Josemaría Escrivá Obras

Like every christian celebration, today's is one of peace. The palm branches, with their ancient symbolism, recall a scene of the book of Genesis: "After waiting seven more days, Noah again sent out the dove from the ark. In the evening, the dove came back to him and there was a new olive branch in its beak. So Noah realized that the waters were receding from, the earth." Today we remember that the alliance between God and his people is confirmed and established in Christ, for "he is our peace." In the liturgy of our holy catholic Church — which so wonderfully unites and sums up the old in the new — we read today the joyful words which remind us of how Jesus was greeted at his birth in Bethlehem: "The sons of the Hebrews, raising olive branches, went out to meet the Lord, crying out, Glory in high heaven." As he moved off, St Luke tells us, "people spread their cloaks in the road, and now, as he was approaching the downward slope of the Mount of Olives, the whole group of disciples joyfully began to praise God at the top of their voices for all the miracles they had seen. They cried out: Blessed is the king who comes in the name of the Lord, peace in heaven and glory in the highest heaven."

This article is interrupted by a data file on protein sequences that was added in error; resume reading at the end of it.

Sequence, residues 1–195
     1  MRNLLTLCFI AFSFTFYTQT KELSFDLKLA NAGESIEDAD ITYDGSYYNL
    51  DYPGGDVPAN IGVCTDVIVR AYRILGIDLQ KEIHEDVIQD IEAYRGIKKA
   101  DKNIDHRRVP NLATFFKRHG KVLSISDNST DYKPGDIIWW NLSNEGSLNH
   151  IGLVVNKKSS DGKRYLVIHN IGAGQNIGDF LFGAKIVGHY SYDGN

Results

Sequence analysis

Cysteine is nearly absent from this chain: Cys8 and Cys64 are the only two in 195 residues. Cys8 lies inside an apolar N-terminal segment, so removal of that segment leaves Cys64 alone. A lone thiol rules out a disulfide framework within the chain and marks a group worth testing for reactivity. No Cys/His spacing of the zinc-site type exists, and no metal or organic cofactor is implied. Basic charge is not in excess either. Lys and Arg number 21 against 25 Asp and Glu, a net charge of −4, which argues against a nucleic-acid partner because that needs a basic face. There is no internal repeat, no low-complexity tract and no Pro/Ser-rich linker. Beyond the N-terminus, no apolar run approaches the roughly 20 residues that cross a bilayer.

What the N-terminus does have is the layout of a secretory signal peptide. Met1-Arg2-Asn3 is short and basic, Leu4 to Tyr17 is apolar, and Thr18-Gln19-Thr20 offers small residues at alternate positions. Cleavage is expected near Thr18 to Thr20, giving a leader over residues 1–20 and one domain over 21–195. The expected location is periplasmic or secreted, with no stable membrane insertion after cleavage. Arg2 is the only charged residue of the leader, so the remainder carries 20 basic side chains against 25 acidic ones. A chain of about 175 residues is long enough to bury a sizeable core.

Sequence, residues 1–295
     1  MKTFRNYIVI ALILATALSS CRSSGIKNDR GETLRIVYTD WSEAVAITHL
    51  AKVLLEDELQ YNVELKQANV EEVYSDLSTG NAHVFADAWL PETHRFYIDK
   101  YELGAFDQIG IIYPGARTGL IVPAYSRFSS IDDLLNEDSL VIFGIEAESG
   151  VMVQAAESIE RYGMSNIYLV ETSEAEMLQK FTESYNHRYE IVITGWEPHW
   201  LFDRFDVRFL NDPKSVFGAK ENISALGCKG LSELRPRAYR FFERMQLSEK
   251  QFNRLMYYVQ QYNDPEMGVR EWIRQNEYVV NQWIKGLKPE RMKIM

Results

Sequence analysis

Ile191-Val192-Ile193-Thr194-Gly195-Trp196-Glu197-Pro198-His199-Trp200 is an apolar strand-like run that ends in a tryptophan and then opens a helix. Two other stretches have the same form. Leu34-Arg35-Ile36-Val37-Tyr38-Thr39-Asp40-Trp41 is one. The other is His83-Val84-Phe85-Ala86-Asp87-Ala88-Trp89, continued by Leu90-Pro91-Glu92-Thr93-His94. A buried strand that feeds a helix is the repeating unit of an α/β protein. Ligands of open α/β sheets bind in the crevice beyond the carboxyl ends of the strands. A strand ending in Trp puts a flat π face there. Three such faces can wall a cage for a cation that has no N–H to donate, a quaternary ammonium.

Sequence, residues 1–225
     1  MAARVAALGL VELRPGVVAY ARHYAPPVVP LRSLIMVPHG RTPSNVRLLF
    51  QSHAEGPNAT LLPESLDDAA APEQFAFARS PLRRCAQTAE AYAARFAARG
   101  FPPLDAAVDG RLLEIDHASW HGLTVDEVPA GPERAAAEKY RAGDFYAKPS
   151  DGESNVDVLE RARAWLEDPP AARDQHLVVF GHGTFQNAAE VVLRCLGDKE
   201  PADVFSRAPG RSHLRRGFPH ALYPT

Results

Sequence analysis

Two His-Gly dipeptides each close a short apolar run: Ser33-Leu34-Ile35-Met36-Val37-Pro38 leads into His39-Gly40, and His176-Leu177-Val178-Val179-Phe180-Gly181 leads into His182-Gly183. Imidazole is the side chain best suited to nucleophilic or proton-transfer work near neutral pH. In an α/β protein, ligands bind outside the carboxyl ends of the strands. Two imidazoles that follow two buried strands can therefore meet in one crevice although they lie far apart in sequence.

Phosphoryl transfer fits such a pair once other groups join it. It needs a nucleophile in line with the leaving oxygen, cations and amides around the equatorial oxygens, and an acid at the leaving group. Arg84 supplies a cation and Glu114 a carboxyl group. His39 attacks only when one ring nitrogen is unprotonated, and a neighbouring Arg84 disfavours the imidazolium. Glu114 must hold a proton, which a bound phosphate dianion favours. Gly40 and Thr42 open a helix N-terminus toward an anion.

Peace in heaven. But let's take a look at the earth. Why is there no peace in the world? That's right, there is no peace, only a certain appearance of peace: a balance created by fear and precarious compromises. There is no peace even in the Church. It is rent by tensions which tear the white robe of the Spouse of Christ. And there is no peace in many hearts which vainly strive to make up for their intranquility of soul by continuous activity, by seeking a thin satisfaction in things which do not fill them but only leave a bitter aftertaste of sorrow.

"The palm leaves," writes St Augustine, "symbolise homage, for they stand for victory. Our Lord is on the point of conquering by dying on the cross. Under the sign of the cross, he is about to triumph over the devil, the prince of death." Christ is our peace because he is the victor. He has won the victory because he has fought, in a hard struggle, against the accumulated evil of human hearts.

Christ, who is our peace, is also the way. If we seek peace we have to follow his footsteps. Peace is a consequence of war, of struggle, of the intimate ascetical struggle which each Christian must keep up against everything in his life which does not belong to God. He is called to overcome pride, sensuality, selfishness, superficiality and meanness of heart. It is useless to call for exterior calm if there is no calm in men's consciences, in the centre of their souls, for "from the heart come evil intentions: murder, adultery, fornication, theft, perjury, slander."

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